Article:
From the south end of Kongens Nytorv, a street called Holmens Kanal winds past the National Bank to the Holmens Kirke, or church for the royal navy, originally erected as an anchor-smithy by Frederick II., but consecrated by Christian IV., with a chapel containing the tombs of the great admirals Niels Juel and Peder TordenskjOld, and wood-carving of the 17th century.
He gave a proof of his regard for the service of the country by taking his passage home in a small brig rather than withdraw a line of battle ship from the squadron, which his rank entitled him to do, and as other admirals of the time generally did.
It enabled him to create and remunerate adequately a capable official class, which proved its efficiency under the strictest supervision, and ultimately produced a whole series of great statesmen and admirals like Johan Friis, Peder Oxe, Herluf Trolle and Peder Skram.
A powerful fleet was built up under several " admirals," or emirs," of whom the greatest was George of Antioch, formerly in the service of the Moslem prince of El Mehdia.
He united in his person the best qualities of his predecessors, and possessed the gift of taking full advantage of the talents of the able generals, admirals and 1 Suleiman, eldest son of Bayazid I., who maintained himself as sultan at Adrianople from 1402 to 1410, is not reckoned as legitimate by the Ottoman historiographers, who reckon Suleiman the Magnificent as the first of the name.
The early Portuguese discoverers were not traders or private adventurers, but admirals with a royal commission to conquer territory and promote the spread of Christianity.
The British and French admirals imposed a truce with a view to conciliation, and the king offered the Sicilians the Neapolitan constitution and a separate parliament, which they refused.
In 1897 and 1898 the European admirals forcibly deported consignments of the worst characters back to Bengazi.
It was a further misfortune that when Keppel hoisted his flag one of his subordinate admirals should have been Sir Hugh Palliser (1723-1796), who was a member of the Admiralty Board, a member of parliament, and in Keppel's opinion, which was generally shared, jointly responsible with his colleagues for the bad state of the navy.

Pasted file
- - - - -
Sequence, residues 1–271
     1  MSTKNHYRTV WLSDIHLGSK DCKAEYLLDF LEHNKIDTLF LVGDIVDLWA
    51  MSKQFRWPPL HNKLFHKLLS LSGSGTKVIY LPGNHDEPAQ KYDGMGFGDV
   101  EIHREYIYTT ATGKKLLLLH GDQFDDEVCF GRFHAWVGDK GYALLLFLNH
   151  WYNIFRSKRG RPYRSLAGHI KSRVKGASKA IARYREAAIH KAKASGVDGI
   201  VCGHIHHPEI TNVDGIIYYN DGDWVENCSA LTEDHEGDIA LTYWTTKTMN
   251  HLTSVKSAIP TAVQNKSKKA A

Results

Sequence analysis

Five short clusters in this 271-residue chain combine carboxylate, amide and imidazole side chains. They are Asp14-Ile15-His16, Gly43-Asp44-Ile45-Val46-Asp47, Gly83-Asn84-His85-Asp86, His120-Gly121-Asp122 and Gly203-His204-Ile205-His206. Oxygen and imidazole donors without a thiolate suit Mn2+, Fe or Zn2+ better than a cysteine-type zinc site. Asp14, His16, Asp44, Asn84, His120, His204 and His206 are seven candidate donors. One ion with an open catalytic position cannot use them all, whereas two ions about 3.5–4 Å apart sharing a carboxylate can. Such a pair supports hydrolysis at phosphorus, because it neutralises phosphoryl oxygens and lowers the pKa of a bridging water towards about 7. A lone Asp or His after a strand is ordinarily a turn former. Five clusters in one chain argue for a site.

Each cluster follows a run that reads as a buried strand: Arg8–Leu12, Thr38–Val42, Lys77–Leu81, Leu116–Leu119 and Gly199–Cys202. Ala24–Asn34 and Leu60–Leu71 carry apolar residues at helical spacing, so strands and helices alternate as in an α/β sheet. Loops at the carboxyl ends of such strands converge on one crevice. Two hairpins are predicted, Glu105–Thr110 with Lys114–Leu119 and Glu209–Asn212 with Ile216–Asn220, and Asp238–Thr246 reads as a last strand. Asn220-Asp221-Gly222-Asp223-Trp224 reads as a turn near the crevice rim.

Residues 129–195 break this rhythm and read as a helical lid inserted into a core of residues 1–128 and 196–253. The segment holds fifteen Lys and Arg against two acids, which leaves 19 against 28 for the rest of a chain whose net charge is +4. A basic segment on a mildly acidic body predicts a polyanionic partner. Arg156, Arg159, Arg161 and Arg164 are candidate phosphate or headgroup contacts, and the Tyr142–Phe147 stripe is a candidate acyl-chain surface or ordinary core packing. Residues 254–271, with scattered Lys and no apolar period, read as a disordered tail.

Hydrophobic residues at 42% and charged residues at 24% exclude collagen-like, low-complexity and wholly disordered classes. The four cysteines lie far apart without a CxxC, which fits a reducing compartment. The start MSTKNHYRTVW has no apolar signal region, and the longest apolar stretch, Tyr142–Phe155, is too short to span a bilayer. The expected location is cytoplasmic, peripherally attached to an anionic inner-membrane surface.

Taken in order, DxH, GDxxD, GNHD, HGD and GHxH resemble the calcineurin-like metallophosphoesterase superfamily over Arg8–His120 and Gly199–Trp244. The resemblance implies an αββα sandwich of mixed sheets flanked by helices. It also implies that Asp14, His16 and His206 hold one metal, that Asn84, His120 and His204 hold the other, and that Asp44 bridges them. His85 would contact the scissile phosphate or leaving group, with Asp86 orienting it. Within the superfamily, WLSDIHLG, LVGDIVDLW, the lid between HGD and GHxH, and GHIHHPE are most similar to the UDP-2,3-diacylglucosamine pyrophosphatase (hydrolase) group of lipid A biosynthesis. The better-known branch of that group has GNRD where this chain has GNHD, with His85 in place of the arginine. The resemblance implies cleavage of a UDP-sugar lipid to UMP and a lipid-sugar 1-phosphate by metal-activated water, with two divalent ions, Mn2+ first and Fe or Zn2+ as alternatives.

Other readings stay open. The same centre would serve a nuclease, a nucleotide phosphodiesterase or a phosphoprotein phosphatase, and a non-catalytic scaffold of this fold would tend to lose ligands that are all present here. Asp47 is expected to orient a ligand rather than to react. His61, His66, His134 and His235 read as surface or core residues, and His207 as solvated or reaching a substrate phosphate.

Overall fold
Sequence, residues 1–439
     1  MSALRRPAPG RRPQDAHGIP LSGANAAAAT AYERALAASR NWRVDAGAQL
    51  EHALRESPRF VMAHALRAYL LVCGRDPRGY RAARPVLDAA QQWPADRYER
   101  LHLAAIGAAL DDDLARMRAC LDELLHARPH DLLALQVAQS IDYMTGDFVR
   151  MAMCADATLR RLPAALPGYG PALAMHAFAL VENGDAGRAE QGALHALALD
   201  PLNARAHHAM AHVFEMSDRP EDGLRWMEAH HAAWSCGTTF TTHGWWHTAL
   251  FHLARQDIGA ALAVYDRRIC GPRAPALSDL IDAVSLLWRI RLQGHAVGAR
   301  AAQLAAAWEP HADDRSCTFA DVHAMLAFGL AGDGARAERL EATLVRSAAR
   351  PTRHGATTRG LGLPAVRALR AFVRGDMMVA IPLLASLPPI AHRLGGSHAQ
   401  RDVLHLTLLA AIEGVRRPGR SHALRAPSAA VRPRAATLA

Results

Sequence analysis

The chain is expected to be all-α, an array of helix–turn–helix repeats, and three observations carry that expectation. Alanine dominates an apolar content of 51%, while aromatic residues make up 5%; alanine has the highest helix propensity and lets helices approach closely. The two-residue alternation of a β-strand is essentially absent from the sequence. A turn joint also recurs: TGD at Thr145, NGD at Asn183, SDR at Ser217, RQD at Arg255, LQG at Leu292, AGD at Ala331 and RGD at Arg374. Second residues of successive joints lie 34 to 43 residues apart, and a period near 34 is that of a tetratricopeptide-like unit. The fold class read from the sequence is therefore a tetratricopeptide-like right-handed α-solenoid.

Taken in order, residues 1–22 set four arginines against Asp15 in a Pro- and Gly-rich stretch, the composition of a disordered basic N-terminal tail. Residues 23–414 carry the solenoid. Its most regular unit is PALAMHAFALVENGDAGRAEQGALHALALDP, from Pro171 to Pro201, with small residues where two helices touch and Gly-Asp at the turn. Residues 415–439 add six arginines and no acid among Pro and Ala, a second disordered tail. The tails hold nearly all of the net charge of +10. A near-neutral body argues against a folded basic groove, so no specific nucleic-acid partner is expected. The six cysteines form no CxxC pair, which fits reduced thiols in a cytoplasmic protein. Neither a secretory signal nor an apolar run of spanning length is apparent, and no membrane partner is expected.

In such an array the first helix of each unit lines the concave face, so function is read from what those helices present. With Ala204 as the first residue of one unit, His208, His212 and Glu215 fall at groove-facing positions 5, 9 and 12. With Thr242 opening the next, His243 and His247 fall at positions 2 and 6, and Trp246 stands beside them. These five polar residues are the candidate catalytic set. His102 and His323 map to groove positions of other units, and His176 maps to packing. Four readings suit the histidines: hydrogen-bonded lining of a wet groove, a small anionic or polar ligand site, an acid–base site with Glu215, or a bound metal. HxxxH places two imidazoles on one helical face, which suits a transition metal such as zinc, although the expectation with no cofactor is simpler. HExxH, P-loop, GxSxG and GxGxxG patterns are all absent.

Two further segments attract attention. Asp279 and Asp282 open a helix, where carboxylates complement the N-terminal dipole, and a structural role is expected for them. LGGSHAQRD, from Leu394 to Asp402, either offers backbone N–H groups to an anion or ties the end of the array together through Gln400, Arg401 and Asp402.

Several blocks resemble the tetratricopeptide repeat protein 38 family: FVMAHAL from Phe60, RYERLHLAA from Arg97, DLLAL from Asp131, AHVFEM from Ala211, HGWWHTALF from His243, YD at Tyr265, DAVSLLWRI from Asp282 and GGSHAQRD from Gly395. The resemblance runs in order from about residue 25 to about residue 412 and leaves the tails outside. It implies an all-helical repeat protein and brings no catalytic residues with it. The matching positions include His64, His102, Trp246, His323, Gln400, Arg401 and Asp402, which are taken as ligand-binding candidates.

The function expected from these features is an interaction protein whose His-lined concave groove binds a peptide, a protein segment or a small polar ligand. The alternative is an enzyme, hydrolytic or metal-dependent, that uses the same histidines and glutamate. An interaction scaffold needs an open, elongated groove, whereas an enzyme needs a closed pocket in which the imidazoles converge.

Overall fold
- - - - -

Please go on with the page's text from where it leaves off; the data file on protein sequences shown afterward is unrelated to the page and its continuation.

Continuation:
His first book was a story, Taken from the Enemy (1892), and in 1895 he published a tragedy, Mordred; but it was the publication of his ballads, Admirals All (1897), that created his literary reputation.
Even under Aungier the Siddi admirals of the Moguls had asserted their right to use Bombay harbour as winter quarters for their fleet, though they had failed to secure it as a base against the Mahrattas.
Toulon, also largely Royalist, invited the English and Spanish admirals, Hood and Langara, who occupied the port and garrisoned the town.
A History of the Navy of the United States (1839), supplemented (1846) by a set of Lives of Distinguished American Naval Officers, was succeeded by The Pathfinder (1840), a good "Leatherstocking" novel; by Mercedes of Castile (1840); The Deerslayer (1841); by The Two Admirals and by Wing and Wing (1842); by Wyandotte, The History of a Pocket Handkerchief, and Ned Myers (1843); and by Afloat and Ashore, or the Adventures of Miles Wallingford (1844).
A few days later, he received at this camp the British, French and Italian admirals, who came under a flag of truce to negotiate a settlement between the insurgents and the Turks.
The senate is composed of members of three classes: (I) members by right of birth or officeprinces, nobles who possess an annual income of 60,000 pesetas (L2,400), and hold the rank of grandee (grande), a dignity conferred by the king either for life or as an hereditary honor, captains-general of the army, admirals of the navy, the patriarch of the Indies, archbishops, cardinals, the presidents of the council of state or of the Supreme Court, and other high officials, all of whom must have retained their appointments for two years; (2) members nominated by the sovereign for life; and (3) members elected three each by the 49 provinces of the kingdom, and the remainder by academies, universities, dioceses and state corporations.
At the age of over eighty, blind and unconquerable, he.transmitted his kingdom to Ferdinand, his son by his second marriage, with Juana Enriquez, of the family of the hereditary admirals of Castile.
Admiral Cerveras squadron was destroyed outside the Bay of Santiago de Cuba by the American fleet under Admirals Sampson and Schley.